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“Recent trip to see Texas City Museum” 5 of 5 stars
Review of Texas City Museum

Texas City Museum
409 6th St., Texas City, TX 77592
409-229-1660
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Ranked #3 of 6 Attractions in Texas City
Type: Museums
Attraction details
Sand Springs, Oklahoma
Reviewer
4 reviews 4 reviews
Reviews in 3 cities Reviews in 3 cities
6 helpful votes 6 helpful votes
“Recent trip to see Texas City Museum”
5 of 5 stars Reviewed July 2, 2014

Millie & I recently visited the Texas City Museum on 6th Street in Texas City Texas.
This museum is housed in the completely renovated home of the J.C. Penney store downtown.
They have many exhibits related to history of Texas City including much about the Texas City Disaster in which the US Grand Camp exploded in 1947. There is much to learn, also, about how the city was discovered and developed in to one of the largest petroleum refining cities in the USA and even a good display of model trains. I would highly recommend a visit if you have any interest. The cost was only $3 each.

Visited June 2014
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10 reviews from our community

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Date | Rating
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English first
Round Rock, Texas, United States
Top Contributor
146 reviews 146 reviews
28 attraction reviews
Reviews in 40 cities Reviews in 40 cities
24 helpful votes 24 helpful votes
“Small, but nice to check out.”
4 of 5 stars Reviewed June 30, 2014

The reason we went looking for this museum was seeing the airplane displays at Bay Street Park (which is the actual site of the Army base where the first "Aero Squadron" was in 1913). We stumbled upon the birthplace of the US Air Force, and then went looking for a museum to learn more information about it. What we find was something even better. Texas City Museum has a lot of displays of local history things (high school sports, pictures of the town, etc), a bit on a local pirate who operated out of Galveston during the Mexican War of Independence, and a small section on the Aero Squadron.

The most interesting exhibit here was that of the Disaster of 1947. One day in April, a French ship filled with ammonium nitrate fertilizer and sulfur exploded at the docks. With the force between two-and-four kilotons of TNT, the explosion flattened everything for a blocks, tossed huge debris even farther, and caused the deaths of hundreds (most of whom were spectators who thought they were a safe distance away from what they thought was a simple “dock fire”). All windows in a mile radius were shattered, and the blast was felt as far as Denver. To a city that was resuming normal life after a destructive world war, this was their “hometown Hiroshima.” This watch, hands stopped at the time of the blast, really drove that home.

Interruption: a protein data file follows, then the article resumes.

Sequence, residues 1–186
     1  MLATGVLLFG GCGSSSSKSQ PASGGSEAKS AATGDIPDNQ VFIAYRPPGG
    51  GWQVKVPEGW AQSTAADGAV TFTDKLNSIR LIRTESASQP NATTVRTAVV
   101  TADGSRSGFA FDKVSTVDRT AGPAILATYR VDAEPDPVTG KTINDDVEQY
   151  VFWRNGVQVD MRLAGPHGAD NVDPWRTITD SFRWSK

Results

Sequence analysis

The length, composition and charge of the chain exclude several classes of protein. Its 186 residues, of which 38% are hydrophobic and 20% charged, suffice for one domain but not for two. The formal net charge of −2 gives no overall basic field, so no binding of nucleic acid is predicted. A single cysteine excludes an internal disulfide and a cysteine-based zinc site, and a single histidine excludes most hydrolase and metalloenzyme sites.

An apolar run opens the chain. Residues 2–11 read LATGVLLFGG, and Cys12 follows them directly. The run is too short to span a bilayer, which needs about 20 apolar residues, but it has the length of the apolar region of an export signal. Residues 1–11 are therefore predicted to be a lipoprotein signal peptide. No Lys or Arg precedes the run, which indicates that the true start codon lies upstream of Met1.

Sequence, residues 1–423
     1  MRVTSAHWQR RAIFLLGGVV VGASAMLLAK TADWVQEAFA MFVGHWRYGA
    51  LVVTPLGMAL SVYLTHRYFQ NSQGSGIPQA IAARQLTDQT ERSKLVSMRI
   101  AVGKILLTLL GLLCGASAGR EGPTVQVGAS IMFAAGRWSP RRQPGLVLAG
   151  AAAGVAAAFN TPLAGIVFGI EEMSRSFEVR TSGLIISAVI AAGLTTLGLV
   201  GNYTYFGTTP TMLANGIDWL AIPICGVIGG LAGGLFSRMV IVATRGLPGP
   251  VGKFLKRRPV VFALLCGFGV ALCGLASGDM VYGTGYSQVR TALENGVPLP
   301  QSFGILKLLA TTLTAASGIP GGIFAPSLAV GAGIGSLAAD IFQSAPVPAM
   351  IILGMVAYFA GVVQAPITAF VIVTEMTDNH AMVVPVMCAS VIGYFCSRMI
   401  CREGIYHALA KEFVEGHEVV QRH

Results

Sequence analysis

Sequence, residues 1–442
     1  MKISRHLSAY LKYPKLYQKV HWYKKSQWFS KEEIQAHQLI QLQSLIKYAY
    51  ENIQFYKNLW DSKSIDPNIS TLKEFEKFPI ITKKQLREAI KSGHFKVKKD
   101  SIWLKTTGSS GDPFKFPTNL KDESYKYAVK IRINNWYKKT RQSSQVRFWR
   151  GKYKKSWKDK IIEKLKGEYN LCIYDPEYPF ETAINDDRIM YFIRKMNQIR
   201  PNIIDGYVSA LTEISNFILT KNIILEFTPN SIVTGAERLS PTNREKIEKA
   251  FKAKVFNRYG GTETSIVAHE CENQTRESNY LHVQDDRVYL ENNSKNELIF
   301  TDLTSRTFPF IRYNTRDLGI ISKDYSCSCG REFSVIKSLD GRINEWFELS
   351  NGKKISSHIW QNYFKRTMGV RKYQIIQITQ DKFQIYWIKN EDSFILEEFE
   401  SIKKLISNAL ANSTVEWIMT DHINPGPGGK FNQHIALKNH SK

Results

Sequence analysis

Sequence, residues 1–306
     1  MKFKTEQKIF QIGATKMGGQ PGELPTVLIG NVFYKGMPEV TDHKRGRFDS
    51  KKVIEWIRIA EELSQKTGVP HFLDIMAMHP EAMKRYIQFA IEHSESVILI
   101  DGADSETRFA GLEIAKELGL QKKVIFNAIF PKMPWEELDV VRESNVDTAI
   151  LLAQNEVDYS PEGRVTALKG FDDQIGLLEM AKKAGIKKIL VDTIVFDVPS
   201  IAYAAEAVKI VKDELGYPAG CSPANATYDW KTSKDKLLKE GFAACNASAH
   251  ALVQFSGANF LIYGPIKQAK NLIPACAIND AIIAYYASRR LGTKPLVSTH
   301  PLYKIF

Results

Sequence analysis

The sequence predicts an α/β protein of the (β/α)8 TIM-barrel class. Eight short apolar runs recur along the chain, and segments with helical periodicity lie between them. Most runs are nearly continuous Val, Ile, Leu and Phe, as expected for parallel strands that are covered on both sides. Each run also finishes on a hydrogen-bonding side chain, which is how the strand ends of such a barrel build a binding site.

The exhibit gave detailed information on the events leading up to the blast, some footage (taken by an amateur who was out on the dike), and what happened in the aftermath. In a rare display of comradeship, the different oil companies in the city helped each other repair the damage done to their plants, as well as rebuild the destroyed sections of the city. It also helped pave the way for new safety regulations for the oil industry. As the city essentially “rose from the ashes,” the phoenix was adopted as the symbol of the city. I considered this a fabulous historical find that we’d stumbled upon.

Visited September 2013
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Texas City, Texas, Usa
Top Contributor
78 reviews 78 reviews
34 attraction reviews
Reviews in 22 cities Reviews in 22 cities
33 helpful votes 33 helpful votes
“A small museum”
5 of 5 stars Reviewed May 28, 2014

It's small but you do learn history about the area. The 1947 explosion and more. When I was there sometime back, there was a quilt exhibit showing there. You never know what will be there until you go and see it.

Visited May 2014
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Texas City, Texas
Senior Contributor
27 reviews 27 reviews
6 attraction reviews
Reviews in 8 cities Reviews in 8 cities
12 helpful votes 12 helpful votes
“very informative”
4 of 5 stars Reviewed November 25, 2013

For anyone that wants to know anything about the 1947 explosion here in Texas City, the museum is a very informative way to find out the facts of this disaster. It also gives a very good idea about the founding of the city and its early years. If you are in the area and have a couple of hours to spare, it's worth your time.

Visited November 2013
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Owensboro, Kentucky
Top Contributor
117 reviews 117 reviews
20 attraction reviews
Reviews in 45 cities Reviews in 45 cities
40 helpful votes 40 helpful votes
“Nice small museum”
5 of 5 stars Reviewed November 11, 2013

Enjoyed the visit. I learned a lot about history of the area. Good way to spend a couple of hours.
I particularly liked the information about the ship explosion.

Visited February 2013
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